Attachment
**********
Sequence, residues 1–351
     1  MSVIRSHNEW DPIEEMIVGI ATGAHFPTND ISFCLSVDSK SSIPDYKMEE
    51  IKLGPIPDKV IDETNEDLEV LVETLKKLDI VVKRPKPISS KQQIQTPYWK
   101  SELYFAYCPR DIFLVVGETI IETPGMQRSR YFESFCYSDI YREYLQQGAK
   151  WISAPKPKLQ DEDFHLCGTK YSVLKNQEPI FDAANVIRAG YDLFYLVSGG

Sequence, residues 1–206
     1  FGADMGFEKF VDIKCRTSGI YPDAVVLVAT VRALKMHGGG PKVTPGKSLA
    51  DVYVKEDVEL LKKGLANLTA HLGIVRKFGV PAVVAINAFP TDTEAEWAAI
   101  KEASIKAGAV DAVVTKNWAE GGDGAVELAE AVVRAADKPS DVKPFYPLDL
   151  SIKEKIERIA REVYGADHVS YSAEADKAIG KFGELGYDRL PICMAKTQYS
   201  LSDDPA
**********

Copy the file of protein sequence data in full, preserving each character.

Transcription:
Sequence, residues 1–351
     1  MSVIRSHNEW DPIEEMIVGI ATGAHFPTND ISFCLSVDSK SSIPDYKMEE
    51  IKLGPIPDKV IDETNEDLEV LVETLKKLDI VVKRPKPISS KQQIQTPYWK
   101  SELYFAYCPR DIFLVVGETI IETPGMQRSR YFESFCYSDI YREYLQQGAK
   151  WISAPKPKLQ DEDFHLCGTK YSVLKNQEPI FDAANVIRAG YDLFYLVSGG

Sequence, residues 1–206
     1  FGADMGFEKF VDIKCRTSGI YPDAVVLVAT VRALKMHGGG PKVTPGKSLA
    51  DVYVKEDVEL LKKGLANLTA HLGIVRKFGV PAVVAINAFP TDTEAEWAAI
   101  KEASIKAGAV DAVVTKNWAE GGDGAVELAE AVVRAADKPS DVKPFYPLDL
   151  SIKEKIERIA REVYGADHVS YSAEADKAIG KFGELGYDRL PICMAKTQYS
   201  LSDDPA